While I would not go so far as to call it hate literature, I must voice concern that this particular issue of C/A is sitting there on a Christian web site, bearing a false witness against Orthodox Christianity even as it provides several helpful insights. It is not representative of the best of Reformation scholarship that could have been brought to bear on this topic. A 'caveat emptor' should come with the recommendation to point its way.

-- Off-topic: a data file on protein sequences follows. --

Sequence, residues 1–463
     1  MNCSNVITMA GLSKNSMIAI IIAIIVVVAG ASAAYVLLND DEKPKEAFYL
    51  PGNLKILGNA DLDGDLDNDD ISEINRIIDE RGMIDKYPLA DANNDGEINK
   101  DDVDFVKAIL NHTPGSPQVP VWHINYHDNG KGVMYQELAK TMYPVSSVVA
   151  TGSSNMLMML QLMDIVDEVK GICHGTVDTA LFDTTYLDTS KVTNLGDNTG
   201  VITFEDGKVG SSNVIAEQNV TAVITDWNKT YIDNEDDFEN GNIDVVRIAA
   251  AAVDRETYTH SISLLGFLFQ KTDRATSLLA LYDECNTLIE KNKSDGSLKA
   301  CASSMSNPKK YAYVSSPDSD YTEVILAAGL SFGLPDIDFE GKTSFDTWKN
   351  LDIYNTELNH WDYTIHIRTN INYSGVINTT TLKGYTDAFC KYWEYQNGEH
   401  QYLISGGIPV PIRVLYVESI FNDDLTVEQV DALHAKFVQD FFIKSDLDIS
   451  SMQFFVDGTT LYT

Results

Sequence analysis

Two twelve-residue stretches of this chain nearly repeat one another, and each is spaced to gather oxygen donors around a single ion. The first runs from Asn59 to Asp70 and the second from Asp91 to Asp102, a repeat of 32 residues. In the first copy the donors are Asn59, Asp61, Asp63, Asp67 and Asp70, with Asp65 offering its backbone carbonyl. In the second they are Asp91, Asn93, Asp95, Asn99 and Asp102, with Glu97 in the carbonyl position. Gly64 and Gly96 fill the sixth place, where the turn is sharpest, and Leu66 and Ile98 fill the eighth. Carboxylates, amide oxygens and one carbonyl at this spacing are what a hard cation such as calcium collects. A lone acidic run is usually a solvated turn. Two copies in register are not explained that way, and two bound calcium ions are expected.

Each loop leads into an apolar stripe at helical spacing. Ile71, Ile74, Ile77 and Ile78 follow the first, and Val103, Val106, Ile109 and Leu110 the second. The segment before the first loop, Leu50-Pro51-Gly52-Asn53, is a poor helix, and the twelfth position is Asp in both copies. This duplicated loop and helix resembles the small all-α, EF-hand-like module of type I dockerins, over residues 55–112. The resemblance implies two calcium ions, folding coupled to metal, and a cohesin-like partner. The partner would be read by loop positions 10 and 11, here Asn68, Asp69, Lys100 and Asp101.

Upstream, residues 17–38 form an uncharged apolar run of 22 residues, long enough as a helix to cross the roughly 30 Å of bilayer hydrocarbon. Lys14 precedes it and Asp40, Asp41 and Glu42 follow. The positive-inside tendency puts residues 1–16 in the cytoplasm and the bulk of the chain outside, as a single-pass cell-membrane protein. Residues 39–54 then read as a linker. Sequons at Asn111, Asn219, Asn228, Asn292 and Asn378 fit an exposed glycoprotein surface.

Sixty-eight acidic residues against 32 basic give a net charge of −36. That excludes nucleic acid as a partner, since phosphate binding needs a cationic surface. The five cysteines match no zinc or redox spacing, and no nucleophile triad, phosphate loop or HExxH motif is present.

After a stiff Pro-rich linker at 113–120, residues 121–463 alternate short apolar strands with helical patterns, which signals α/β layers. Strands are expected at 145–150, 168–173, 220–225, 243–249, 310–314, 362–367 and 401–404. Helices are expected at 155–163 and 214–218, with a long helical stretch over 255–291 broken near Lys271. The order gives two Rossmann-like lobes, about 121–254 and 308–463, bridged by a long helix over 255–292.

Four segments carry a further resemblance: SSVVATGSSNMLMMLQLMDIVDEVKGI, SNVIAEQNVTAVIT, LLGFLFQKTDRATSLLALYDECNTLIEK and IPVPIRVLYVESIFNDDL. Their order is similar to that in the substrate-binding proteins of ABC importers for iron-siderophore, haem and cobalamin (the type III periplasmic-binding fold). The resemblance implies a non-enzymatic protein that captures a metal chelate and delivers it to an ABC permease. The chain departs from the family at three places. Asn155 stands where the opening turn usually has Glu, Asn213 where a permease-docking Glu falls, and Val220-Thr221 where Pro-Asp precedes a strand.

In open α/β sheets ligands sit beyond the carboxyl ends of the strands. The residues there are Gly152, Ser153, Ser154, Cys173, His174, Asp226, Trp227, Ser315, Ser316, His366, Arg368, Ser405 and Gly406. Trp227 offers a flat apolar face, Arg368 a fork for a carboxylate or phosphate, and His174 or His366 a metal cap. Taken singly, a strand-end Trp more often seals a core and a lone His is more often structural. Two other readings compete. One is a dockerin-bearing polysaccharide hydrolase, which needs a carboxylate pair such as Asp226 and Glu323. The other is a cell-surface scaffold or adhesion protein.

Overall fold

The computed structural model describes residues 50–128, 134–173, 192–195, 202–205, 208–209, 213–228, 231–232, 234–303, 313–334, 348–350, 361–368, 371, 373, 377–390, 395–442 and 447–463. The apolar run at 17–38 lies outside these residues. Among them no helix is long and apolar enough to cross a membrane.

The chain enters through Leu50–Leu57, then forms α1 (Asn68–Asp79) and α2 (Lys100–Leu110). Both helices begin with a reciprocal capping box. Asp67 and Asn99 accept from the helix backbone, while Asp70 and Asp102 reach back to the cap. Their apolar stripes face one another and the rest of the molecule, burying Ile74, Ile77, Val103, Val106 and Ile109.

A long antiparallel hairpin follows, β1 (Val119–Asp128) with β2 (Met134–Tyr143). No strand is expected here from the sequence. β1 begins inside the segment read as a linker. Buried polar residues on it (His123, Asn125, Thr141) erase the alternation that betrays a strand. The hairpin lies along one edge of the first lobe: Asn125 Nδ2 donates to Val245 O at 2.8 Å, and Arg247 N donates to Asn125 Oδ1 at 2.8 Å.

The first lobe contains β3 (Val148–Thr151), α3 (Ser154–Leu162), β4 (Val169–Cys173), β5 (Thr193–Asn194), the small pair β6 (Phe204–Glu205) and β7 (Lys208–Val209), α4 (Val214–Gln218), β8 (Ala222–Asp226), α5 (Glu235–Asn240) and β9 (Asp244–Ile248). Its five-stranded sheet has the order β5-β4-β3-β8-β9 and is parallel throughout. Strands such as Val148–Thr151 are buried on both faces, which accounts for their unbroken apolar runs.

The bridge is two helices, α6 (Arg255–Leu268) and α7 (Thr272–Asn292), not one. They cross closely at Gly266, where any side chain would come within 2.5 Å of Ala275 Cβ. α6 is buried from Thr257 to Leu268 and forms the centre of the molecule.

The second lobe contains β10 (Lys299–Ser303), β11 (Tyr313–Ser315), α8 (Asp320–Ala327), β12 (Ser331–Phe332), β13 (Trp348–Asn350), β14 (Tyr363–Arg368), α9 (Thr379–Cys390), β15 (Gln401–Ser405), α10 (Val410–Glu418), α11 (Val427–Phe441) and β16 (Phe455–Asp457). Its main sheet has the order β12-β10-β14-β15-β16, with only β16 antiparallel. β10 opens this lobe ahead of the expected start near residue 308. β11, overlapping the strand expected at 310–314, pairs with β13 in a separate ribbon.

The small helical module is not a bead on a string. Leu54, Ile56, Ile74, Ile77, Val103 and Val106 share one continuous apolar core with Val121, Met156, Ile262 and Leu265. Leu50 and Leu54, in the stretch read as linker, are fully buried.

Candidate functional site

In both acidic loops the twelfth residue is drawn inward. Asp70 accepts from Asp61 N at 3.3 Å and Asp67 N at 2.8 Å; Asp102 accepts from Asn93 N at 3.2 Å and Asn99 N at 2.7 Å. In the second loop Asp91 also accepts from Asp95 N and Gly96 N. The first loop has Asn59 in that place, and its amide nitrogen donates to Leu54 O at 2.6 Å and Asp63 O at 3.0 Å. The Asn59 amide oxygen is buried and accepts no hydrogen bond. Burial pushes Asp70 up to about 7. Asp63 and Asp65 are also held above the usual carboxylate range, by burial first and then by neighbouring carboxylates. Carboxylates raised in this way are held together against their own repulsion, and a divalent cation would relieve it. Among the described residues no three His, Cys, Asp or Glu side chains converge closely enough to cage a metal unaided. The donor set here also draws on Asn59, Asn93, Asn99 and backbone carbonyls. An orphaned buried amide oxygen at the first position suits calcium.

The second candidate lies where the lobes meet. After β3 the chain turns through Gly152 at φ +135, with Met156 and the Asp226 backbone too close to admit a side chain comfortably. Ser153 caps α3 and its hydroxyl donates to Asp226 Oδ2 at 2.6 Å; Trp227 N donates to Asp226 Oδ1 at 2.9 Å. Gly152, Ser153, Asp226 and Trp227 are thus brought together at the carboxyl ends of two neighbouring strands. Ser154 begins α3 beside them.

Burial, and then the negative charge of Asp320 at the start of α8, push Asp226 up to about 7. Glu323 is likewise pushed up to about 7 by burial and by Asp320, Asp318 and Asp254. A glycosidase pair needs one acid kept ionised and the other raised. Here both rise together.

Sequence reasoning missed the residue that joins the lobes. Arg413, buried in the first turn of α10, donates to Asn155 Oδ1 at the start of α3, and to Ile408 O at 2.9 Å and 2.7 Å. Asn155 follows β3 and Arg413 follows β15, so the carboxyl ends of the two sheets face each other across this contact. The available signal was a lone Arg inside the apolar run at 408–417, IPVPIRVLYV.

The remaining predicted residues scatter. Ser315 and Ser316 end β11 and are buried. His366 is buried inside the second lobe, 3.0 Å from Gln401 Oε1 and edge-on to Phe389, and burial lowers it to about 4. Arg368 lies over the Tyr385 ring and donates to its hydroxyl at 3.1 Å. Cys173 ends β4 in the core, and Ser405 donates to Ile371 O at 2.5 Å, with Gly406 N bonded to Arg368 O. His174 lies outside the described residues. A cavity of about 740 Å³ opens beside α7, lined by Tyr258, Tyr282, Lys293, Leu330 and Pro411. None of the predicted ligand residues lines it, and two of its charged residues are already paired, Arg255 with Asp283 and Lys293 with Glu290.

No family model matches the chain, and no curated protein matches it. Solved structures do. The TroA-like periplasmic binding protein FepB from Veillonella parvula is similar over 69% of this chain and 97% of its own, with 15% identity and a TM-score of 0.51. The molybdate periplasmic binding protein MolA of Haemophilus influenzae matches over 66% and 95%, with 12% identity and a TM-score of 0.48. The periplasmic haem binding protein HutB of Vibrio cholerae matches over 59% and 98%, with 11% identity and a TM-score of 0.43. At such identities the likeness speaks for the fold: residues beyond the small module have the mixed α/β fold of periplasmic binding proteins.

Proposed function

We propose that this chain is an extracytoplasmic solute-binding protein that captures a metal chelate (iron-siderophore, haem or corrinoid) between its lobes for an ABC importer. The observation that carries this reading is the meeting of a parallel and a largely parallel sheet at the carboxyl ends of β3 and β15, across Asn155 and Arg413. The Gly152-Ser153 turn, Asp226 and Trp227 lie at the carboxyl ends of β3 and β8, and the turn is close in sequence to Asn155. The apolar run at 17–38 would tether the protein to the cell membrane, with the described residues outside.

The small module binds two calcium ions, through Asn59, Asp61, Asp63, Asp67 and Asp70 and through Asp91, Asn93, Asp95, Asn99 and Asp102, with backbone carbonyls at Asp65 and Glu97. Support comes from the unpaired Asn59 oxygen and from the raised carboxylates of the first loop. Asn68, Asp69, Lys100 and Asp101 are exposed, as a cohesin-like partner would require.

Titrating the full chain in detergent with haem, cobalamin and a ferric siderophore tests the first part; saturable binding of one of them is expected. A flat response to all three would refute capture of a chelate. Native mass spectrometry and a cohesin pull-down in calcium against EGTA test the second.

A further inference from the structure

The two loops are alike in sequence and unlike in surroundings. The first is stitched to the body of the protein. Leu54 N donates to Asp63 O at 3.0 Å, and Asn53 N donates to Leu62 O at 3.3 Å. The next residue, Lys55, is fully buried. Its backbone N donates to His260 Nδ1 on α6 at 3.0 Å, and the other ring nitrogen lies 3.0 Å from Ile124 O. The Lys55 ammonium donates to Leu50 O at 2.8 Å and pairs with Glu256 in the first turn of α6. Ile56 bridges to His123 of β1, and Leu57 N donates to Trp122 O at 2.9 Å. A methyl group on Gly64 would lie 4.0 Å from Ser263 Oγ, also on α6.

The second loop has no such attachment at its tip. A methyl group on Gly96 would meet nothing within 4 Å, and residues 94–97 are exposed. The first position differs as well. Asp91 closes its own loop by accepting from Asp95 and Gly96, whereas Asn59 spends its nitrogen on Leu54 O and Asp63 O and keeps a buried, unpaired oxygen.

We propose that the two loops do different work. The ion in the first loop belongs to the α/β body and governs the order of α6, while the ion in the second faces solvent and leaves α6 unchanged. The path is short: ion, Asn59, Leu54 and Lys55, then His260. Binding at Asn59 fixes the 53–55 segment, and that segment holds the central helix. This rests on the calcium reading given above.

The bold face headings for each section are reproduced from the Credenda Agenda issue in question so that the reader can clearly tell which article each author is responded to. We made one minor change to the ordering of the issue's sections. We have placed "Thema: A Column on Our Theme" first, as it is the lead article that ties in all the rest of the responses. It should be the first article one reads.

Thema: A Column on Our Theme

The Puritan Eye: Thoughts from the Past & Historia: On History

Non Est: On Unbelief

We quote again from the post made by Mr. Michael Morbey on the soc.religion.christian newsgroup on April 8, 1996: